Analog Technology for Creatives
The surprising way to jump-start your creativity and leave burnout behind
In her Time Management Course, Business Consultant and Creative Mònica Rodríguez Limia blew my mind with two simple principles based on her Applied Neuroscience findings.
Monica has been helping creatives worldwide to embrace the peculiar ways of the creative brain and become better business managers and administrators. Here’s what she taught me.
1. A creative person’s brain is always one step away from burnout.
The brain of a creative person constantly deals with abstract ideas and imagination, partially due to its receptiveness to inspiration, the intensity of its interpretations, and its facility to experience creative rapture. Imagine then how these sensitive brains can quickly become overstimulated by the hyper-input of today’s world.
By the time a creative moves from inspiration to idea and finally decides to undertake a creative project, she has already oversaturated her brain with stimulus and processing. Then, critical skills like time management can become insurmountable barriers to action.
Never before had our brains needed to process so much information. Data production has grown exponentially in the last few years. And the digital era and our dependability on digital technology have us migrating into a more and more virtual existence.
Back in the day, we needed an agenda and calendar to manage our time-related productivity. Today, we’ve entered such a fast-evolving, intangible matrix that we need outlooks, macro and micro perspectives, processes, and even philosophies to keep up with our minds and demands.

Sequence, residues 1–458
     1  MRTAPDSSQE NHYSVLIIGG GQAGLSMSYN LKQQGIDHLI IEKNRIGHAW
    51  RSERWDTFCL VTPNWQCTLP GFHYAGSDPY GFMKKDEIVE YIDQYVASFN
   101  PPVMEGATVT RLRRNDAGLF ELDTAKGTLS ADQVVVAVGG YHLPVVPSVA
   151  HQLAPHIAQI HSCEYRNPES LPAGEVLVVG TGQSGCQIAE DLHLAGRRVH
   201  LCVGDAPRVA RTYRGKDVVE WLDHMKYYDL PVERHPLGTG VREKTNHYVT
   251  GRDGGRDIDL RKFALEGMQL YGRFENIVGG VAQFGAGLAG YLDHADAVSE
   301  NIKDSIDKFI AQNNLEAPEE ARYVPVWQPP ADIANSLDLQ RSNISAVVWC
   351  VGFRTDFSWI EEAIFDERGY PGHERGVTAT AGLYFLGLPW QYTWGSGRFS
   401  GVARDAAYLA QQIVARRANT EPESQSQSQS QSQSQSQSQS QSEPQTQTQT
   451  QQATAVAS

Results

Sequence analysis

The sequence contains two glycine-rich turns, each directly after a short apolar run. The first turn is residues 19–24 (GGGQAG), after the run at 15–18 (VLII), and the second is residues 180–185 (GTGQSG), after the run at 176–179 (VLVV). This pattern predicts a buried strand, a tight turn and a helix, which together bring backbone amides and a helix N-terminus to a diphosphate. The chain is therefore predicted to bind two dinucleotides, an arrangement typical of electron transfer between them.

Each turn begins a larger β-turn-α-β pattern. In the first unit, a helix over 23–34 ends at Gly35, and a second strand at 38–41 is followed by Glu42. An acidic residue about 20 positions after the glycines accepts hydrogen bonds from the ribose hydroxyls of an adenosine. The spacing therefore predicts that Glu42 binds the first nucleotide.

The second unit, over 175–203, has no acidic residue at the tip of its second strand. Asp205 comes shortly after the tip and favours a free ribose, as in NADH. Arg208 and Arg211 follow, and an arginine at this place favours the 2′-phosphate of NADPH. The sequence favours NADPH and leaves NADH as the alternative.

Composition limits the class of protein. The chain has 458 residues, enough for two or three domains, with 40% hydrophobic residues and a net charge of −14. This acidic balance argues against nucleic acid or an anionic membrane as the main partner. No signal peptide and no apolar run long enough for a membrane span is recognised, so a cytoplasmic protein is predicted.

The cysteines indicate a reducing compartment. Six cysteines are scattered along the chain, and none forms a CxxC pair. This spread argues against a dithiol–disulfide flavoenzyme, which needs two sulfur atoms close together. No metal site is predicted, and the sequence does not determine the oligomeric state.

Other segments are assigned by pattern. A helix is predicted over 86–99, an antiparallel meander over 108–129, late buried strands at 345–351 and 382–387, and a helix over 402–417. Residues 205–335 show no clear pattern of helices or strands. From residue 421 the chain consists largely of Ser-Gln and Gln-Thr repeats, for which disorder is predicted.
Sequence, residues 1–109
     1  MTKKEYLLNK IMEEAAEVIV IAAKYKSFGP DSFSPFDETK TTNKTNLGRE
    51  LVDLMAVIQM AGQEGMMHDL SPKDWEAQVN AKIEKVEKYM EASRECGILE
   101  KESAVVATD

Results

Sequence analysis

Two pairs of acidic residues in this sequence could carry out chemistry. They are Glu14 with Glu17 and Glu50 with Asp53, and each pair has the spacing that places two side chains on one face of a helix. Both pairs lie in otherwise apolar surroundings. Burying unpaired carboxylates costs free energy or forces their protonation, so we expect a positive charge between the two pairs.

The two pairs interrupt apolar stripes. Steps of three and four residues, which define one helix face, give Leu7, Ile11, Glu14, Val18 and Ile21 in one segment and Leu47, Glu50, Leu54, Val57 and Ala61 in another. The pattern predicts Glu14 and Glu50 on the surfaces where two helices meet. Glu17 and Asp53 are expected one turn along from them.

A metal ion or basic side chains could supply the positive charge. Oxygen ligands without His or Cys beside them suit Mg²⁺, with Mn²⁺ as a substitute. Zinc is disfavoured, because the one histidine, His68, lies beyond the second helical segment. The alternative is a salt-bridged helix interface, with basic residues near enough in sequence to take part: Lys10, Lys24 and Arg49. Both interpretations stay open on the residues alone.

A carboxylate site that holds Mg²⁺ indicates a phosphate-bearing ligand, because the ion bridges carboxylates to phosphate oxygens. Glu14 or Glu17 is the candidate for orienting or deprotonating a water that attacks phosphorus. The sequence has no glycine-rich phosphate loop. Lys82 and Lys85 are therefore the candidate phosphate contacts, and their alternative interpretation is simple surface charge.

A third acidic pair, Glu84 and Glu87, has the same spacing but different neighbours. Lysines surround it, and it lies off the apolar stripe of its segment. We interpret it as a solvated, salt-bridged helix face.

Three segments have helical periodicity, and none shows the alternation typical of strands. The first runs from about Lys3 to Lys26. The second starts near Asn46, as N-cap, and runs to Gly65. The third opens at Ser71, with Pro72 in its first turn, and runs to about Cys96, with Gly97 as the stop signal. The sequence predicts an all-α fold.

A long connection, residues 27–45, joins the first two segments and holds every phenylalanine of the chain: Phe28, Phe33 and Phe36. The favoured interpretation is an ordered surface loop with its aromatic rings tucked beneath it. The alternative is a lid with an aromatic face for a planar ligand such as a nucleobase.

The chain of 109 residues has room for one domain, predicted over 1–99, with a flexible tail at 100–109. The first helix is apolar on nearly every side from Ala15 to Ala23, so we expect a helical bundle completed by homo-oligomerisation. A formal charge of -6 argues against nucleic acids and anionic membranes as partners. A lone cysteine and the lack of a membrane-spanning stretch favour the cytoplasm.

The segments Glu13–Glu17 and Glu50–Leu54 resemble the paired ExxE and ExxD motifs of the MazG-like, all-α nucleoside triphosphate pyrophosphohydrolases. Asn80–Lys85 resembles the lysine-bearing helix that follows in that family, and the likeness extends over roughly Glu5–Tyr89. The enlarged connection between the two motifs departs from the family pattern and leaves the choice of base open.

So much has changed in such a short time, it’s no wonder that our mental health has become a core conversation. Our current world and culture requires us to meet the demands of a more intangible, accelerated, and disruptive world.
2. Creative people can think with their hands to avoid burnout.
The good news is that creatives can use analog technology to deal with abstract and complex planning processes, thus freeing headspace to take action and execute their projects.
And what’s a good definition of analog technology? I see it as the use of tangible means to process information. Examples include using your hands and mind through paper, handwriting, post-its, rulers, colored pencils, journals, and notebooks to organize time, plan projects, keep track of goals, and even strategize.
Analog technology is like Earthing; it helps us connect with our soft animal and earthly senses. Take a few minutes to handwrite in your weekly agenda, feel the texture of the paper. Draw, organize, and write your ideas in colorful post-its gets you to a place of reassurance from where you can then produce that work you wanted.
No wonder why these methods are at the root of almost any design and collective intelligence process.
Combined with proven processes and techniques like Get-Things-Done, brainstorming and prioritizing, or batching and chunking, analog technologies reconciled me with Time Management.
At the start of every new project, I begin the process by using paper and post-its to brainstorm, organize ideas, and structure my action flow is a project that has a better chance to be accomplished thoroughly and on time.
The sensory rituals I indulge in when mapping out my week in my self-made agenda, or brainstorming my pitches into post-its, have put me back on track. It’s the super-tool that gets me through the barrier of fear of action daily.
And I’m not the only one… it’s no surprise that in a community like Groove, where there are many entrepreneurs, freelancers, and creatives, many of us have found analog technologies to provide a stand to help us keep going toward our goals 🥳
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